News

A No Confidence Motion



9 February 2012

Professor Anne Twomey discusses the legal implications concerning the Federal Opposition's intention to table a no confidence motion against the Gillard Government.

In an interview with The Conversation, Professor Twomey says essentially there are three categories of a no confidence motion.

"You can have an express motion of no confidence that says 'we have no confidence in the government'. That's the clearest and most sensible to do," she asserts.

"You can also have implied motions of no confidence that come through defeating an important bill, defeating the budget or even reducing the budget.

"One government fell when there was a reduction in the budget by one pound, because that was seen to be a symbol of the government losing control over its finances.

"But in this circumstance, where you've got a hung parliament, if a bill was defeated it wouldn't necessarily be regarded as a vote of no confidence in the government unless the government itself had said before the vote, 'this is an issue of confidence - you have to vote for us otherwise the government will fall'.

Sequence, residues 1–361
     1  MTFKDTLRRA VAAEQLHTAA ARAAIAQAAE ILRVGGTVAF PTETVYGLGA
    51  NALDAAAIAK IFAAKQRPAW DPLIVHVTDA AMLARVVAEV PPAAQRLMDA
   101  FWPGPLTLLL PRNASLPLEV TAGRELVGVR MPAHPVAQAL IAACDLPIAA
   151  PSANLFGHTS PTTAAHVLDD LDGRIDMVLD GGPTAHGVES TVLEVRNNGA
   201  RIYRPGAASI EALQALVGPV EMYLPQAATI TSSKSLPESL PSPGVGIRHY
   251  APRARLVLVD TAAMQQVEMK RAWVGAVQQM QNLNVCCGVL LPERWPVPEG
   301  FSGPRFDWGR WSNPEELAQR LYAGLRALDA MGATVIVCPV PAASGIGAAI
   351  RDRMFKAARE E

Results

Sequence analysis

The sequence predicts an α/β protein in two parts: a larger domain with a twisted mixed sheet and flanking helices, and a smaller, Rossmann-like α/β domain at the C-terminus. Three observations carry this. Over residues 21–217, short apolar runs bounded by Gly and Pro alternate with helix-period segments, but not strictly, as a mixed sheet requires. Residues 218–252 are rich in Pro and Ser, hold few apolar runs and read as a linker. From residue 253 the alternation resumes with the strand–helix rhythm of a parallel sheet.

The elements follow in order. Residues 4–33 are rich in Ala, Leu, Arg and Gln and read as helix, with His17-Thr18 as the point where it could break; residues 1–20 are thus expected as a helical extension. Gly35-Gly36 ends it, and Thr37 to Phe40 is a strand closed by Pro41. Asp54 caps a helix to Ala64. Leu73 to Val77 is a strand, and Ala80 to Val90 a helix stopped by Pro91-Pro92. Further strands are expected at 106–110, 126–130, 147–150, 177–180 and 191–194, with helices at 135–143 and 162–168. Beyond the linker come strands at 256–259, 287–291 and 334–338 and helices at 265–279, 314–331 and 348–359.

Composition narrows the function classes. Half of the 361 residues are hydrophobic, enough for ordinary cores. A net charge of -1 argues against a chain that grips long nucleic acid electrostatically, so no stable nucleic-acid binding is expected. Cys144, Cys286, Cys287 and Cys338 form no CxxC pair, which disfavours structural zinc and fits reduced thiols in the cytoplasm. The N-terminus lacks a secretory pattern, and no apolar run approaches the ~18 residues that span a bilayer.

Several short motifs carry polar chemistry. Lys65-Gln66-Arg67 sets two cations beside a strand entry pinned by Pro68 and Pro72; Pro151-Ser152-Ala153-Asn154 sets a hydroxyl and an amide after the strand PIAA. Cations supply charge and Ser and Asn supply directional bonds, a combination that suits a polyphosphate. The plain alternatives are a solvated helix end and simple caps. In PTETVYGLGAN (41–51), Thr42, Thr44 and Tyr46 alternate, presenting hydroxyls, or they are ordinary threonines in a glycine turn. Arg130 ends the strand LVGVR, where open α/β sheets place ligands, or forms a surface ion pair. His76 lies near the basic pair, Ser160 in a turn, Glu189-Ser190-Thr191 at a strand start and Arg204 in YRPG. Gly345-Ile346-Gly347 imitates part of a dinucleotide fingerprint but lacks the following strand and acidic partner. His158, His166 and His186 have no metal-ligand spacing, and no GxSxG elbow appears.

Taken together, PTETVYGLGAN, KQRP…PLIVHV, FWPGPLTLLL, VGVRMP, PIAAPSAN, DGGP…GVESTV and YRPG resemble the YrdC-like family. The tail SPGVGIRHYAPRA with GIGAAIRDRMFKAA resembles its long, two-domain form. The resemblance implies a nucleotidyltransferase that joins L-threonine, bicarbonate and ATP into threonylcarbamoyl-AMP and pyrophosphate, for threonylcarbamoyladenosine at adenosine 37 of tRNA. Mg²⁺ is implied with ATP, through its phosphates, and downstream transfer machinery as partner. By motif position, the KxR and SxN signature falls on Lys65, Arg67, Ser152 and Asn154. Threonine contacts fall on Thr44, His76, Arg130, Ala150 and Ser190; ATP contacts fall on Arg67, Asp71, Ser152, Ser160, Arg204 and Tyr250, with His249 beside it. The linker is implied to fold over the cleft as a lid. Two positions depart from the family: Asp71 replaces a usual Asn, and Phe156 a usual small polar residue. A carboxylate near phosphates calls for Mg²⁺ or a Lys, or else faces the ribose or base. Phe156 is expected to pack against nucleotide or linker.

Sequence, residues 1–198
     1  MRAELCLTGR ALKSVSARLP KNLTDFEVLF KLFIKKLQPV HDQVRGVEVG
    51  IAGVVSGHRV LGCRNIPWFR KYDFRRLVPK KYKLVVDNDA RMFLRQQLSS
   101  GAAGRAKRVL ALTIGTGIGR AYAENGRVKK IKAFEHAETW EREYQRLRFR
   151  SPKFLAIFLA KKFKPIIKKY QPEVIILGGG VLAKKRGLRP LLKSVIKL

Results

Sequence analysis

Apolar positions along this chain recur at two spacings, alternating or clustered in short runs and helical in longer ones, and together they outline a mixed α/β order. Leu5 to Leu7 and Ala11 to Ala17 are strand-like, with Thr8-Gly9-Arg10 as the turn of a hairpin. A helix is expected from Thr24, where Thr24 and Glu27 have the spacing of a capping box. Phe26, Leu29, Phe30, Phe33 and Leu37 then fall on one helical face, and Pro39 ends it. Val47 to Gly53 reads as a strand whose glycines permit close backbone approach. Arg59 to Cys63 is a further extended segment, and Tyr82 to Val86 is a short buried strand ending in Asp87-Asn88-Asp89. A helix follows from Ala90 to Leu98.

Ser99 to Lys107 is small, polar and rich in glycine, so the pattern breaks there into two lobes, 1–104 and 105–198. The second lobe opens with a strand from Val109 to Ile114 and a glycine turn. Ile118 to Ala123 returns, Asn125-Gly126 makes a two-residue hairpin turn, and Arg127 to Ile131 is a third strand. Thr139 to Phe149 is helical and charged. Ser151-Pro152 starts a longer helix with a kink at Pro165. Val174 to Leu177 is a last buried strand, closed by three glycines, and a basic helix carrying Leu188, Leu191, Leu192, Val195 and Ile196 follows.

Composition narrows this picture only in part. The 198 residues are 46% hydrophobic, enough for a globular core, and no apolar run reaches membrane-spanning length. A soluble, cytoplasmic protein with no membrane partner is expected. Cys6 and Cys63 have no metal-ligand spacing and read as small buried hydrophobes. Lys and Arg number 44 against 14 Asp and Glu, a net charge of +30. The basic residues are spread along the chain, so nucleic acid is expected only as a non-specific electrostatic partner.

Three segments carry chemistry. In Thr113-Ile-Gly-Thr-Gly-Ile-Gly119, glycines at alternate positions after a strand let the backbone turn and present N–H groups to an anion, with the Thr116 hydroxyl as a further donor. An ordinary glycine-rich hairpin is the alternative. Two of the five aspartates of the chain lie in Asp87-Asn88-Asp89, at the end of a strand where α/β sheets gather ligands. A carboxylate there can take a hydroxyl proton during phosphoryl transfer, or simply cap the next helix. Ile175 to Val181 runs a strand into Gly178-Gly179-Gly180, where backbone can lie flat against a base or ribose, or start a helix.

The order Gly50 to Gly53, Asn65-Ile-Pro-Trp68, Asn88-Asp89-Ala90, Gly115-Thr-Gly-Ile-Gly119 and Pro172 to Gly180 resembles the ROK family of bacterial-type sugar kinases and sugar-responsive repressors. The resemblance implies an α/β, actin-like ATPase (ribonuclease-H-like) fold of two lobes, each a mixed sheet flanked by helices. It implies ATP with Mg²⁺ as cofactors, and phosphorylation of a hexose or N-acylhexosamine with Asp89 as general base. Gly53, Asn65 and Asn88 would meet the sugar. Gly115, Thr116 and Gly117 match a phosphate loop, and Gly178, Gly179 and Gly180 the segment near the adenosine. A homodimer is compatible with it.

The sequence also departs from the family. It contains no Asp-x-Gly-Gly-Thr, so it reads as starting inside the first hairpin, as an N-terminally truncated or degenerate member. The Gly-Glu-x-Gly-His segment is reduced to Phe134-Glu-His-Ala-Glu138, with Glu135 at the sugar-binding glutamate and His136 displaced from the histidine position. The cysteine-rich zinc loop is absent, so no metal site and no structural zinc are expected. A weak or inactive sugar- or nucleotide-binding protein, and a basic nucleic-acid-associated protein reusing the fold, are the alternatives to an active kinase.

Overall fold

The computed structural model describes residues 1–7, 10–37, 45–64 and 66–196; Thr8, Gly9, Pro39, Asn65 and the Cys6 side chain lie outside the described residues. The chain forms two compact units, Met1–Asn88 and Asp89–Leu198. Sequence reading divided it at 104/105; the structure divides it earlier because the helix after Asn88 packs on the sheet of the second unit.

"Finally, you can have constructive votes of no confidence.

They say, 'We have no confidence in, say, Julia Gillard to run the government, but we have confidence in someone else to do so.'"

View the entire interview - Explainer: motions of no confidence and the constitution - The Conversation


Contact: Greg Sherington

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